These dog deaths can't be blamed on Vick

Two dogs died in the name of sport this week, and this time it wasn't Michael Vick's fault.

Dizzy and Grasshopper were their names, and they met their demise in the Alaskan wilderness as the wind howled, temperatures dropped to 45 degrees below, and their owner began worrying about his own survival.

They were sled dogs, part of a pack of 15 ferrying musher Lou Packer through his first Iditarod, an 1,100-mile trek made even more grueling by high winds and deep snow. One other dog also perished in this year's race.

Listen to race supporters and they'll tell you that, unlike Vick's dogs, the 5-year-old huskies died doing what they loved. Read the official Iditarod Web site and you'll find out that sled dogs are pampered and loved by their masters.

They call it "The Last Great Race on Earth" and on Wednesday it was great for Lance Mackey, who had easy sledding as he drove into Nome to win his third straight Iditarod and the $69,000 plus the new pickup that goes with it. Mackey celebrated by hugging two of his dogs and giving them treats.

Packer didn't win anything, didn't even finish. By the time searchers found him, the Alaskan doctor was on foot leading his dogs instead of the other way around as he struggled to find the trail.

Dizzy and Grasshopper were already dead.

"I think those two guys probably froze to death in the high winds," Packer told the Anchorage Daily News. "I didn't think it possible."

The story Packer told the newspaper of his ordeal is just another that will live in Alaskan folklore. These are hardy people who brave the sometimes brutal outdoors because they've chosen it as their way of life.

They don't have a problem with chaining up big packs of dogs and running them to within an inch of their life for sport. They accept the fact that the Iditarod is a part of the state's heritage, and its biggest sporting event.

A lot of us in the Lower 48, though, just don't get it.

As a dog owner, my first reaction on hearing that two more dogs died in this year's race was one of sadness. My second was wondering why PETA wasn't up in the Alaskan wild making a fuss about it all.

The animal rights organization, after all, seems to launch a protest every time Vick's name is mentioned, and last month went to the absurd length of dressing up in KKK outfits at the Westminster Dog Show to protest what it said were attempts to create a "master race" of dogs.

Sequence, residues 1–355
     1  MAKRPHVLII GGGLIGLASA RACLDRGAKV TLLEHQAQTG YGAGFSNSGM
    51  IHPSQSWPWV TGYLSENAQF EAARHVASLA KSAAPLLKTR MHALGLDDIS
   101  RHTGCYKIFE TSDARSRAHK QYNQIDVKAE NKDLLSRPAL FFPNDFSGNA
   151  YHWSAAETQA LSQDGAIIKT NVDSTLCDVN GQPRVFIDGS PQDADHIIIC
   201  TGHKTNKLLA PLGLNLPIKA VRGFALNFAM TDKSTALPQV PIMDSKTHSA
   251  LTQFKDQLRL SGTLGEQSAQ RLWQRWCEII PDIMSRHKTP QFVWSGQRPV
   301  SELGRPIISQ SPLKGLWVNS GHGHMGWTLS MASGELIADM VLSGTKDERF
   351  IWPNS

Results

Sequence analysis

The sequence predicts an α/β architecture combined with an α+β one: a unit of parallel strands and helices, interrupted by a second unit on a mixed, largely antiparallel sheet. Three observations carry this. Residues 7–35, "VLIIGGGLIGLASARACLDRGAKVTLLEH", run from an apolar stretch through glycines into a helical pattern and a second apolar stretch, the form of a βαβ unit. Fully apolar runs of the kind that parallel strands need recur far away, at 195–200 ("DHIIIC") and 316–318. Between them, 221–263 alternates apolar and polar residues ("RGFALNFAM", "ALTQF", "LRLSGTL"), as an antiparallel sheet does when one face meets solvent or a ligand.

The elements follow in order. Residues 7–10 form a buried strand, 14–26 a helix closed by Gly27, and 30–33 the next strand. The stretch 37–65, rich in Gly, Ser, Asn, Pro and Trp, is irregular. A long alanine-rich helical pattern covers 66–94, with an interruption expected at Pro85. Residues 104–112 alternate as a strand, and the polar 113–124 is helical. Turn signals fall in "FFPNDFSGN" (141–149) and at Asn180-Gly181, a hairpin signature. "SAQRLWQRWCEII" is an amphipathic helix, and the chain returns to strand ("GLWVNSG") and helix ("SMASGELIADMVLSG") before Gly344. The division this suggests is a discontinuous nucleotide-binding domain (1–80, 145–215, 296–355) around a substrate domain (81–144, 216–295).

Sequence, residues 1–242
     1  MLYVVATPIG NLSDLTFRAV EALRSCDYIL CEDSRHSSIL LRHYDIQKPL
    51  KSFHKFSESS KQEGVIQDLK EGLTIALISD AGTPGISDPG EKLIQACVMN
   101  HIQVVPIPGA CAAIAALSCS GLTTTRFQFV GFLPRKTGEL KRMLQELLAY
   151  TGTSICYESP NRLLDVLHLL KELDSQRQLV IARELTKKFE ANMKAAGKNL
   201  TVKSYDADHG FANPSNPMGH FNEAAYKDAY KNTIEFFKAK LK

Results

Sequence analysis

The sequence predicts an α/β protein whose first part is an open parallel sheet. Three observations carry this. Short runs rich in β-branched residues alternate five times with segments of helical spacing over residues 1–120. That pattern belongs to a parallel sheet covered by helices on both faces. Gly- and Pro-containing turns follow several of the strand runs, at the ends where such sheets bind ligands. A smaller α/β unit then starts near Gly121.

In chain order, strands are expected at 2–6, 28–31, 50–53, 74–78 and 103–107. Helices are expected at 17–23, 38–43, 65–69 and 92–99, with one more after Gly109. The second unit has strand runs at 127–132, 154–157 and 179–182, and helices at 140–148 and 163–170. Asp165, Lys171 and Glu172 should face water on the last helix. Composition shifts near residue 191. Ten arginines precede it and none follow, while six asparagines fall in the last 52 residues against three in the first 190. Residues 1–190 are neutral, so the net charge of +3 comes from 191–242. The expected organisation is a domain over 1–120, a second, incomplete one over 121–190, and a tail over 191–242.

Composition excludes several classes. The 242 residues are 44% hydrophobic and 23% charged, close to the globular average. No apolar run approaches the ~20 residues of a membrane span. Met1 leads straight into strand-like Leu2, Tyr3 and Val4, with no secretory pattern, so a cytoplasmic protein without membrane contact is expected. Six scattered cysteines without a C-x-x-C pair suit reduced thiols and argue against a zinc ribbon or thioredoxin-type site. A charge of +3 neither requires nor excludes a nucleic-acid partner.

Maybe they have an excuse. The event was outside of New York City, and they may not have had proper fake fur coats.

Barbara Hodges wasn't in Alaska, either. But the California veterinarian was doing something she thought was more valuable, drafting a letter on behalf of the Humane Society Veterinary Medical Association to Iditarod sponsors like Exxon Mobil Corp. and Wells Fargo, asking them to withdraw their support from the race.

Hodges treats dogs and cats for a living, so she's seen a lot of animal suffering up close. She's also seen the studies that show sled dogs have abnormal lung changes due to prolonged heavy breathing, gastric ulcers from the stress of racing, and arthritis and other injuries that leave them crippled if they are fortunate to live long.

"We believe that this particular race compromises the health and welfare of the canine participants," Hodges said. "The race would violate animal cruelty laws against overworking or overdriving dogs in 38 states and the District of Columbia. Of course, Alaska has no such law."

Alaska isn't about to get one, either. Short of an entire team of dogs dying, there's not much that will change the opinion of most Alaskans that the Iditarod is a good thing and that dogs are, well, dogs.

Organizers have become savvy in recent years about how to deal with bleeding hearts when it comes to treatment of the dogs. They employ a team of veterinarians to keep the dogs healthy, give them checkups at key points in the race, and do autopsies for cause of death.

Two years ago, they suspended a top musher who was seen hitting and kicking his dogs after they refused to keep going on a stretch of ice. And just the other day, planes were called in to airlift dogs whose mushers had gotten stuck in the storm that snared Packer.

Still, how many dog deaths are reasonable? How many more must die before the fun is finally sucked out of the sport?

Yes, the race is an Alaskan tradition, one of the last great tests of endurance for dogs and their masters. There's something to be said for that, even if the dogs, unlike humans, have no choice about competing.

Unfortunately for Dizzy and Grasshopper, this was one test they couldn't pass.

Tim Dahlberg is a national sports columnist for The Associated Press. Write to him at

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